THE MAZEPPA TRIBUNE- Phillips Publishing Co. Compiled by Mike Holtorf
Wednesday-May 15, 1895:
DEATH OF MRS. J.E. HYDE-Occurred at Her Home in this Village Last Sunday at Midnight.
Deceased Was One of the Most Highly Esteemed Early Settlers.
Mrs. John E. Hyde, one of the very early settlers of this village, died quietly last Sunday night at about midnight, aged 75 years 3 months and 1 day. She had suffered for thirteen years with pulmonary catarrh and many times during her long illness her life was despaired of.
Mrs. Hyde was among the most highly esteemed ladies of the village and was loved by all who bore her acquaintance.
Miss Sarah Stowell of Paris Maine was born Feb. 11, 1822 and married John E. Hyde in 1842.
It was in the spring of 1855 that Mr. Hyde started for St. Paul but was induce to locate at Mazeppa instead. Mr. and Mrs. Hyde embarked in the mercantile business. This he continued until 1872, when he was succeeded by the firm of E.L. Ford & Co. Mr. Hyde died in 1889 and they were blessed with nine children.
As one of the early settlers of this village, Mrs. Hyde underwent many hardships and privations which none but those who were her neighbors can attest. The efforts of herself and husband were always bent toward the up-building of the village. As the pioneer merchants of Mazeppa they will still be remembered by a great many of the older residents of the county and the demise of Mrs. Hyde will be to them like the sweeping away of an old and familiar land mark.
Wednesday, May 22, 1895:
Anderson Bros shipped 12 carloads of stock to Chicago last Saturday, seven carloads of which were purchase at this point and Zumbrota.
Landlord Mongan has been grading up the property along the south side of the Fowler house (W.D’s) and says he is going to have a handsome lawn there this summer. That’s all Tom’s popular hostelry lacks to make it the greatest Summer resort of this corner of the state.
Wednesday, May 29, 1895:
Gottleib Scheffler of South Mazeppa aged 79 years and 2 months, died Monday night of congestion of the lungs. Mr. Scheffler was the father of six children, three boys and three girls. Of the former Julius and Gottleib, who reside in South Mazeppa, are well known throughout this section, while the third son resided some distance away. His daughters are at present living in Roscoe, Potsdam, and Elgin.
The Fowler House bus was relieved of its top yesterday afternoon by a heavy gale of wind. Ira says he doesn’t enjoy riding in the sun. Tom Mongan provided a “taxi service” between his hotel and Lena.
The marriage of Mr. John Hart and Miss Kate Befort, two of Belle Chester’s prominent young people, has been announced to take place on June 11. They will be supported by Mr. Mathew Hart and Miss Kate Befort with the knot being tied by Rev. Fr. Limberg. Mr. Hart is the eldest son of Mr. and Mrs. Michael Hart and ranks among the foremost young men in the township of Chester, while the bride is the daughter of Mr. and Mrs. William Befort Sr.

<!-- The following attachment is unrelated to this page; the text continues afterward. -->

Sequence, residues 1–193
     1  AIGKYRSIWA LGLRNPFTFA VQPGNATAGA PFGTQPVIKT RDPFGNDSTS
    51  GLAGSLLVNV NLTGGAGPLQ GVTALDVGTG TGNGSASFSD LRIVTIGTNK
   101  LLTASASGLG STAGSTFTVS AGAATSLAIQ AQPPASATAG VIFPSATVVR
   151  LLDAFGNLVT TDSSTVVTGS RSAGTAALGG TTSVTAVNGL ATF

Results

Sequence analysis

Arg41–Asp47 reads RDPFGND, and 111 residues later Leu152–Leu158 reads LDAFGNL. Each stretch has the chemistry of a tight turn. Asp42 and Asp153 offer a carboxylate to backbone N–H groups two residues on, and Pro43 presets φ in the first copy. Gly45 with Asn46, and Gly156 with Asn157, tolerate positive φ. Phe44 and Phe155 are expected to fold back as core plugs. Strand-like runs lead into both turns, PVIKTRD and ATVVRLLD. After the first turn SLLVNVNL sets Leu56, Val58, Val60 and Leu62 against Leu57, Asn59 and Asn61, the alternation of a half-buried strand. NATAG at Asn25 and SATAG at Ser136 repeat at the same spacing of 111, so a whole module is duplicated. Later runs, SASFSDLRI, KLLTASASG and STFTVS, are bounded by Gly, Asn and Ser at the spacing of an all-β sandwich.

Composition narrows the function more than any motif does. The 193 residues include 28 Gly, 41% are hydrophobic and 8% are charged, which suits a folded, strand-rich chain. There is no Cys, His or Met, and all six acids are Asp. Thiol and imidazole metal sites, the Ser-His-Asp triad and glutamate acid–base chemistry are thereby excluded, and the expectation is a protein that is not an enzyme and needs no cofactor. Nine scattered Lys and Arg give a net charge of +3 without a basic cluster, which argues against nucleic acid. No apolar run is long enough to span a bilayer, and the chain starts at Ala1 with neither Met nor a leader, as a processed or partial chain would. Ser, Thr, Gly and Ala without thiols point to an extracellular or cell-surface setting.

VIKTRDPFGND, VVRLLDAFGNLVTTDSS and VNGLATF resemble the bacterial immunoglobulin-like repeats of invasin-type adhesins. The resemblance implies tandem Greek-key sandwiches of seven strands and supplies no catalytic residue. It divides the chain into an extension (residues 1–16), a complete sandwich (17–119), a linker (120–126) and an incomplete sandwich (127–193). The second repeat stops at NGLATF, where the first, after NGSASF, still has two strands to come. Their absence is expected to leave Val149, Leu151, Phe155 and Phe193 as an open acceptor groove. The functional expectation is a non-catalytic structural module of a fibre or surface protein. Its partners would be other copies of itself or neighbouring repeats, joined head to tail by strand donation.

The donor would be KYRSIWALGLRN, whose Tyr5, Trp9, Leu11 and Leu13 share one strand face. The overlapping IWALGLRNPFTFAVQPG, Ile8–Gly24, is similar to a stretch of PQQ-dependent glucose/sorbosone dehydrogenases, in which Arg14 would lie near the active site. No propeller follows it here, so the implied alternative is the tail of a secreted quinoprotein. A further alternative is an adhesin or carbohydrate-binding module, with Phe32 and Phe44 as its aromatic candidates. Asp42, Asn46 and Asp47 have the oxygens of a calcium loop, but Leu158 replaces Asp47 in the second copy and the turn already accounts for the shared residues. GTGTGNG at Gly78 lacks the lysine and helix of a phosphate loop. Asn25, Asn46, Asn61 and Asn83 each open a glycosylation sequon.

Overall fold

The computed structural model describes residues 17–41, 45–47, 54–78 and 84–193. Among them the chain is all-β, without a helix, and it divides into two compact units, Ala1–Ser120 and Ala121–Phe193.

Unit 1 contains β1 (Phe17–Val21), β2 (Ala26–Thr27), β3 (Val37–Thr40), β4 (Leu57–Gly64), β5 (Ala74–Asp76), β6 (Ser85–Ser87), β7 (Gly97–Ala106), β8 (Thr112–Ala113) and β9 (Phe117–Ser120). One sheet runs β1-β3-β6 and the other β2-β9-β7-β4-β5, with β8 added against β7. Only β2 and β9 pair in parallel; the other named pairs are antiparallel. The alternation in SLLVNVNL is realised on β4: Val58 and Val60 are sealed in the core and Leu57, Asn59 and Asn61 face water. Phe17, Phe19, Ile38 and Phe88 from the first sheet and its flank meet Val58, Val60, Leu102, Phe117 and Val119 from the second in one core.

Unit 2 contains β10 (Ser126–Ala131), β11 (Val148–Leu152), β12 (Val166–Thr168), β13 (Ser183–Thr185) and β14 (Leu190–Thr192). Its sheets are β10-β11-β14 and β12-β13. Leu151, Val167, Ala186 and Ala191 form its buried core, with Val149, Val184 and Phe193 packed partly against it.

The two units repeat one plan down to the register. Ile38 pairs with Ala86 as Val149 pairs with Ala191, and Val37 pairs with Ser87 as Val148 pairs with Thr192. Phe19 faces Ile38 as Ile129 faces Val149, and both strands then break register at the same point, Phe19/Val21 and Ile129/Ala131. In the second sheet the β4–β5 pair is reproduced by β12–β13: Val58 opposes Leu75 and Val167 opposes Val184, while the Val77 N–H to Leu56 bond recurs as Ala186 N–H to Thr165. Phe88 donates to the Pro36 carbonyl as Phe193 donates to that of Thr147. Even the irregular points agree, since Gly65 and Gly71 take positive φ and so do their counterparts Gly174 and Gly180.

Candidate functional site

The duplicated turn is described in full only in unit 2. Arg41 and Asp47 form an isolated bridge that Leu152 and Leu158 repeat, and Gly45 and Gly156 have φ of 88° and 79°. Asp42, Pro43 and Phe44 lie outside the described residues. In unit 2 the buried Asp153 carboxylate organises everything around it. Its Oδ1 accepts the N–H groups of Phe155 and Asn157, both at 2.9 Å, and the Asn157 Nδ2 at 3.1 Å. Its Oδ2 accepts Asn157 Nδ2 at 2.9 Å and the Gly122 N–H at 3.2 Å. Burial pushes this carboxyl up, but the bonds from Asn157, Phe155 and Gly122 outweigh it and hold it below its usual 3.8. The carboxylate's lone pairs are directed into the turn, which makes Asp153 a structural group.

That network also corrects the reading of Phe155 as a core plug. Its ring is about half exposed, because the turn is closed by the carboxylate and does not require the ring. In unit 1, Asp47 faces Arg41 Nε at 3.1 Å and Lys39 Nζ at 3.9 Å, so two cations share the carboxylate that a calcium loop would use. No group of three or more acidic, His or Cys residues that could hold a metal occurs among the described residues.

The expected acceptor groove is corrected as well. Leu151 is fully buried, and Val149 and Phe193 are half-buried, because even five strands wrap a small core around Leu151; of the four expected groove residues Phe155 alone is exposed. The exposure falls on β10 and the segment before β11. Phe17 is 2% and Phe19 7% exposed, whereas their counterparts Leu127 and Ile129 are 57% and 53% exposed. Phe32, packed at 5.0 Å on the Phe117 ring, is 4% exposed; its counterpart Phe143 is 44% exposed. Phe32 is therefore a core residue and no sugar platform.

Mrs. Jacob Sheldon and son, Adelbert Sheldon, visited Rochester Saturday, the former returning home Monday, while the latter will remain at St. Mary’s hospital for treatment by Dr. Adams for nervous prostration. Mr. Sheldon is in the convalescent ward and the doctors have hopes of his speedy recovery now that he is under their direct supervision.
John Goodman of South Troy was a pleasant caller at THE TRIBUNE office last Saturday. On being asked about the wrestling match between himself and Mr. Watts, he stated that he would like to meet his gentleman and was endeavoring to complete arrangements for a match to take place in the village in the near future. The sporting fraternity of Mazeppa is anxious to see those two gentlemen meet and there is no question but that a match will be made.
Wednesday, June 12, 1895:
IT WAS A DRAW. The Goodman-Watts Wrestling Match Still Unsettled.
Although considerable talk has been indulge in about wrestling of late the first genuine touch Mazeppa has had of any real wrestling occurred at Sullivan’s hall (Degner building-empty lot now)- last Saturday evening , when John Goodman and Will Watt’s met for $10 a side and a division of the hall receipts.
Dr. M. H. Cremer, Sam Owens and Wm. D. Pencille were chosen judges and at 9 o’clock the contest was called. After twenty minutes of hard wrestling a rest about 5 minutes of minutes was taken. At 9:25 they renewed the contest and continued until 10:15, neither securing a fall, and the decision of “draw” was rendered by the judges. The men then agreed to meet in the same hall on Saturday evening, June 22, without admission charges, and endeavor to settle the question as to their superiority on the carpet.
Both had friends present at the contest Saturday evening who are of course more than ever impressed with the prowess of their man and the coming match will be awaited with interest. No ill feeling was aroused over the meeting, a fact which THE TRIBUNE notes with pleasure.
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